If the world is one big high school dance, then Christians, and especially Catholics, tend to be the wallflowers, while the rest of the world dances away in the center of the gym, usually not respecting the two basketball distance which universally defines chastity.Okay, I exaggerate: there have been some Catholics who got their groove on while remaining good Catholics: St. Francis of Assisi comes to mind, and so does St. Philip Neri.(The latter was the guy who put the bucket of water over the slightly opened door so that it spilled on the principal when he made his appearance.It was all in good fun, though.)
The wallflowers sit out dance after dance with good reason, mind you.There is not much going on at half court which can be done in good conscience.The kids whispering by the foul line have mainly foul things to say.So I don’t blame the wallflowers, let’s be clear on that.
The problem is, the wallflowers have received a command from another man along the wall—the one whose crucified image in fact hangs on the wall of this gymnasium and who unfortunately has to watch the scene unfold too—a command ordering them to cut in and get people to dance to a different tune.But there is always the problem of what to say to the guy or gal whose dance you are interrupting…
Need a demonstration of the fallen nature of man? You’re looking at him. Syndicating Peter’s post linking to P.Z. Myers’ screed about the Eucharist being just a cracker royally offended good friend, frequent commenter, and occasional blogger, Stuff. As a form of public penance, here are links to some Catholic discussion of Myers’ and his rabid rants.:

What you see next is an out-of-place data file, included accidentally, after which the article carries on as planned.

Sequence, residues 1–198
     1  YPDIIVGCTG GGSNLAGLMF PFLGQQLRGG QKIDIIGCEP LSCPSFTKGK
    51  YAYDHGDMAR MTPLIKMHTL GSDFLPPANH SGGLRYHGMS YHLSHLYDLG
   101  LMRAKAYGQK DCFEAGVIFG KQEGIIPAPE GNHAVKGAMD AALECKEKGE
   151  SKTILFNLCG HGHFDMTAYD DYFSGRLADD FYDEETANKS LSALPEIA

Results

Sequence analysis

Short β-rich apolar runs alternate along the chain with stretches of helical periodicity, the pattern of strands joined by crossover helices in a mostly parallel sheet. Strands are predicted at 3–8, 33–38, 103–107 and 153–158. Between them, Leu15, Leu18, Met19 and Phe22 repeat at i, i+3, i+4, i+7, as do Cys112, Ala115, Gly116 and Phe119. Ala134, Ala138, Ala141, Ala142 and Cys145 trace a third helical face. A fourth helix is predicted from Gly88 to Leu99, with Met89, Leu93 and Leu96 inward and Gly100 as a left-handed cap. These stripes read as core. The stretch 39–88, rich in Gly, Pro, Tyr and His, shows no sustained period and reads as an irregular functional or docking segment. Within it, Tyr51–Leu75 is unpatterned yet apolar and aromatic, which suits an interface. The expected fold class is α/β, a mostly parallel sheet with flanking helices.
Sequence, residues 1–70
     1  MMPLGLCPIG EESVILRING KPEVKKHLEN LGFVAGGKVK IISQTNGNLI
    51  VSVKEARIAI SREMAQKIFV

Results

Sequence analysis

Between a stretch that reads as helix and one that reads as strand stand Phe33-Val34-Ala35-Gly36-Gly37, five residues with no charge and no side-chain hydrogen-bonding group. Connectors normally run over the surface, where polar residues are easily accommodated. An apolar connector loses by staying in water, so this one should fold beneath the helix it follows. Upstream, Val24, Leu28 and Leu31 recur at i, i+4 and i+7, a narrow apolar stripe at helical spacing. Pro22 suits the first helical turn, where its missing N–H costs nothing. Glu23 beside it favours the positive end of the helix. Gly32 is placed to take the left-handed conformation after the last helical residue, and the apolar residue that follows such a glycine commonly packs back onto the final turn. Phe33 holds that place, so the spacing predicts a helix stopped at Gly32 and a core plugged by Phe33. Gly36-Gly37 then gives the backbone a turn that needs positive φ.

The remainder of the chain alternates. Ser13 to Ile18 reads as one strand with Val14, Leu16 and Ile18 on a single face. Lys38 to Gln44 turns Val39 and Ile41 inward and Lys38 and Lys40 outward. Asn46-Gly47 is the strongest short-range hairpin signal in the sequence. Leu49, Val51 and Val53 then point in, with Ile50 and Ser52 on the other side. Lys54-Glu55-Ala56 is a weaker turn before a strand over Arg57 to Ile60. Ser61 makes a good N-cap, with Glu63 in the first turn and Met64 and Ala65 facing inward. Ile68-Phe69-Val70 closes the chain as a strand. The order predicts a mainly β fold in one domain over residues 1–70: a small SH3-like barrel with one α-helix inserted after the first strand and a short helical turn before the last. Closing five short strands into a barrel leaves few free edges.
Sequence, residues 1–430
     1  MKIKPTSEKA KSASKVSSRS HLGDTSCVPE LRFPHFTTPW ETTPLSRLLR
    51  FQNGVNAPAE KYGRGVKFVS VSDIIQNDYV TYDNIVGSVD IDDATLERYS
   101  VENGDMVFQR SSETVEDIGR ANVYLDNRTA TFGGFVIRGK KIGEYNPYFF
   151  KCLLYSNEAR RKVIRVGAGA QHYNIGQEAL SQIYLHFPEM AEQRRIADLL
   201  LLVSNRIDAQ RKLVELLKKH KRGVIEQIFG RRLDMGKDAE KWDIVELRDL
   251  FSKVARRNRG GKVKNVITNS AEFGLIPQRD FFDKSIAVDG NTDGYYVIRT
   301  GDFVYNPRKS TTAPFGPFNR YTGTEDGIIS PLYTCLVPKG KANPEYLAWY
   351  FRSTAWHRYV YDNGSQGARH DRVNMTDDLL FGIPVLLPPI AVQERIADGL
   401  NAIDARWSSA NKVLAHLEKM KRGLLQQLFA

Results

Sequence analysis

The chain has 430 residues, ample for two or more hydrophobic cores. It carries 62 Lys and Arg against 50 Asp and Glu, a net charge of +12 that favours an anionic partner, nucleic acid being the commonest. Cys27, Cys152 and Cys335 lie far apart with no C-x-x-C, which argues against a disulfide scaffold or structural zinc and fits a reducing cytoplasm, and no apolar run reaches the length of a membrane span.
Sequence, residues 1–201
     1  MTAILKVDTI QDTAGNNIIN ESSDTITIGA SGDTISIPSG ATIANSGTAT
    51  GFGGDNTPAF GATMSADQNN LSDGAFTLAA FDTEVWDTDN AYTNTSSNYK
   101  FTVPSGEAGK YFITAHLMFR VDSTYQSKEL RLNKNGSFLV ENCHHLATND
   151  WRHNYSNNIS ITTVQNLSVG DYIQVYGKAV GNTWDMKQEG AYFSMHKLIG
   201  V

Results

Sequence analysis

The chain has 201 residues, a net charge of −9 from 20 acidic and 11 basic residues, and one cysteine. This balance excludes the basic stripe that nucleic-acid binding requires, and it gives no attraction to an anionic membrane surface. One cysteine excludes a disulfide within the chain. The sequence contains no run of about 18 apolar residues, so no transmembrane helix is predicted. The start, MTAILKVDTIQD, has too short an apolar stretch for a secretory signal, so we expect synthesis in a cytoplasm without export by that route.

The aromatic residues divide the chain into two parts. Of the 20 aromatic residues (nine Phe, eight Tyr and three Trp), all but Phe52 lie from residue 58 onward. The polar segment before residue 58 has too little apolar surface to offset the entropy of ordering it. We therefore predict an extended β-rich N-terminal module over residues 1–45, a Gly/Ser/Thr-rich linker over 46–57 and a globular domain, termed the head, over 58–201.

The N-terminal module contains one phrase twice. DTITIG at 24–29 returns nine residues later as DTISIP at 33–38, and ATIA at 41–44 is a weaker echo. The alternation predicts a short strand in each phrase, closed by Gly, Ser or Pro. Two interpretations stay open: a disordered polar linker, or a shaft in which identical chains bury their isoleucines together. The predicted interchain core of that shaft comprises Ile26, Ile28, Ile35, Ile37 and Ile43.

“I think the greatest sin in the world is bringing children into the world–that have disease from their parents, that have no chance in the world to be a human being practically. Delinquents, prisoners, all sorts of things just marked when they’re born. That to me is the greatest sin — that people can — can commit…” Margaret Sanger, founder of Planned Parenthood, during an interview with Mike Wallace.
“Given my background, the Catholic idea that we are always to treat the sexual act with awe and respect, so much so that we should simply abstain if we are opposed to its life-giving potential, was a revolutionary message. Being able to consider honestly when life begins, to open my heart and mind to the wonder and dignity of even the tiniest of my fellow human beings, was not fully possible for me until I understood the nature of the act that creates these little lives in the first place.” Jennifer Fulwiler, she converted to Catholicism from atheism in 2007
While reading the First Things blog, I was struck by the contrast between the two above quotes. May Catholics, Protestants, other religious, and Atheists be converted by the new Evangelization to a culture of Life. John Paul the Great pray for us.
The abortion debate will go nowhere until we all revisit the consequences of using the contraception poison that M. Sanger pushed in her eugenic agenda.